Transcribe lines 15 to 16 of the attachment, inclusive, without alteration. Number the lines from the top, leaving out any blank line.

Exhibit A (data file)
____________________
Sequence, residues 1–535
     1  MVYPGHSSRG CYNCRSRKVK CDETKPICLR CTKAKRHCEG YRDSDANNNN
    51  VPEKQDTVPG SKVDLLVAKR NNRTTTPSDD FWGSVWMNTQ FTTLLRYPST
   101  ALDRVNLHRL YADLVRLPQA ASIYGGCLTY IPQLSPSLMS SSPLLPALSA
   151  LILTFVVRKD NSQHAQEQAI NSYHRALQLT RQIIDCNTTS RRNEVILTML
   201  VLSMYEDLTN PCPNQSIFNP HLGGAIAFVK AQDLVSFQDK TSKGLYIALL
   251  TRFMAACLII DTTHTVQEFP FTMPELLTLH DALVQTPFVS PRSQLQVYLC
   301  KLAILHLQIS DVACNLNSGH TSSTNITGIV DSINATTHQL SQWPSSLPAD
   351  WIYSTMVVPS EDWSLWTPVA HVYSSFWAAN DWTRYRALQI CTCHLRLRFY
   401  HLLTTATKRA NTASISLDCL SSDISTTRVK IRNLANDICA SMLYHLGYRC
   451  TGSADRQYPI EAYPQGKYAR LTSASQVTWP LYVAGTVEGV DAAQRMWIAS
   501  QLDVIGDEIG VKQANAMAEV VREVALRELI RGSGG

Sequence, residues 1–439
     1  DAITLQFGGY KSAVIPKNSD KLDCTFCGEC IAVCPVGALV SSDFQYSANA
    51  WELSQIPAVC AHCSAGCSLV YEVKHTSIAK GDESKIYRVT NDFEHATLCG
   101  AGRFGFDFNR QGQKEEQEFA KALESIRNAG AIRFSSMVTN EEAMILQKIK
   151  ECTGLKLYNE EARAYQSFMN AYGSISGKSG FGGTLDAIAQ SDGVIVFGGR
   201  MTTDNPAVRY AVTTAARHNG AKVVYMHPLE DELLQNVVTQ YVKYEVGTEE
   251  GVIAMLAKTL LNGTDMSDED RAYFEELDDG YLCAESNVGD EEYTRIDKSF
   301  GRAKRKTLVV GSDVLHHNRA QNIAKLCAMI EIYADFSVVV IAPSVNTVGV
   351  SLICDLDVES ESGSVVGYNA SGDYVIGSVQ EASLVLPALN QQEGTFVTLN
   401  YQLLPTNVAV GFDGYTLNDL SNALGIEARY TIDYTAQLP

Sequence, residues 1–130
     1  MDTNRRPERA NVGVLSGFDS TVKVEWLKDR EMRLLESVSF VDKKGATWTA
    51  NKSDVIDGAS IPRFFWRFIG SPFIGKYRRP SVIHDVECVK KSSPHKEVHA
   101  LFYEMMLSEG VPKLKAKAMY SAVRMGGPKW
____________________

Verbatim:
    51  WELSQIPAVC AHCSAGCSLV YEVKHTSIAK GDESKIYRVT NDFEHATLCG
   101  AGRFGFDFNR QGQKEEQEFA KALESIRNAG AIRFSSMVTN EEAMILQKIK